Here is the one whole thing I know about parenting as the doors slam, the car starts, summer comes to an end, and the baby birds fly. (Originally posted September 2013)
I felt pretty confident as a parent when I was younger. This I attribute to a number of factors.
- I was 23 years old and I didn't have a clue. Ignorance was, as they say, bliss.
- I was the eldest of 7 children. There was always a baby in the house. I knew what to do with little kids. Feed, change, sleep, repeat. Snuggle, read books, play, repeat.
- I thought that if you did everything right, then your kids would turn out right. (Having failed, apparently, to check out the first few chapters of Genesis where God parents the first two humans and they go completely off the rails.)
Now I'm 47 (*48), and in the process of all this parenting, I have become a whole lot less confident of my capacity to make things work out right, because:
- I don't have as much control as I wish I did.
- My kids all came standard with free will. Part of the factory installation package.
- The whole big, broken world full of pain and sorrow is out there, and I can't keep it from hurting my babies.
Don't get me wrong, there's a bunch of stuff I think is important, when it comes to parenting.
Do justice. Love mercy. Walk humbly.
Apologize. Laugh. Rest.
Balance that freedom and responsibility thing with your kids, one developmental stage at a time.
And, while you're spinning all those plates: deal with your own junk.
(Maybe you're not sure if you have junk that needs to be dealt with, but this is your lucky day. I have created a handy-dandy assessment tool that will let you know, for sure, if you have junk or not. Here it is: Are you a human being? If the answer is yes, then you have junk. If the answer is no, welcome to our planet and enjoy your stay.)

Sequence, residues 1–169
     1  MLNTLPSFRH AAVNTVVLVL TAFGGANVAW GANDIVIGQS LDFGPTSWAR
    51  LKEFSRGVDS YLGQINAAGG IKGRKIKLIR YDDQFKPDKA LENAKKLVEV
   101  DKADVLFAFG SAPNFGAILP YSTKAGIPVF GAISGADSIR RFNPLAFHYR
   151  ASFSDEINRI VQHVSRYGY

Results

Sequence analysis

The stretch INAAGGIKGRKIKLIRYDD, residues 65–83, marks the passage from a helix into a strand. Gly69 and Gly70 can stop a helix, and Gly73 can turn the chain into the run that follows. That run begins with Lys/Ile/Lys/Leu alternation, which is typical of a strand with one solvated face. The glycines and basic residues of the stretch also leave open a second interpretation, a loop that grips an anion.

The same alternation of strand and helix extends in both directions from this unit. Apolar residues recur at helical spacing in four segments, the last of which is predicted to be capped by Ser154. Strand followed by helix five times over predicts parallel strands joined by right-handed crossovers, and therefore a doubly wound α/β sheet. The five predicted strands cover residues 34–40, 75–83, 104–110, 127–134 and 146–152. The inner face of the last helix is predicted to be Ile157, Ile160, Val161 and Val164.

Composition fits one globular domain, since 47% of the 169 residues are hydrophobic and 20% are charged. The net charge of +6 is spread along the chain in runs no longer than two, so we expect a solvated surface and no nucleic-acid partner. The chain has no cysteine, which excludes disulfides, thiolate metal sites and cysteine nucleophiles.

But at the end of the day, my perfect parenting (which exists only the realm of pure fantasy) guarantees pretty much zippola.
My kids get to choose.
And other people get to choose.
And all those things collide out there in the real world.
Which leaves me in a place that sometimes feels pretty scary.
But, in the process of learning that my parenting capacity is woefully limited, I have experienced this other one whole beautiful thing, for sure.
Here it is.
1. God is at work, and His love never fails.
When I have failed as a parent.
When my kids have made bad choices.
When other people have made bad choices.
When this crazy, broken world throws its mess at our hearts.
No matter what.
God is at work, and His love never fails.
This is one of those things that we know to be true in our heads, because the Bible tells us so.
But I've also found it to be true in my heart these past few years. I've lived through it, and I know that I know that I know.
The best and most amazing transformations, both in my own life and the lives of my children?
Those have come when I could not.
When I could not do one more thing.
I had tried and tried and tried and fixed and fixed and fixed and I just could not.
And then God.
(This probably surprises one whole person. Me.)
I'm thinking about this now, because tomorrow is college move-in day.
And I just need to remind myself of what I know for sure.
God has been at work. He will be at work.
His love never fails.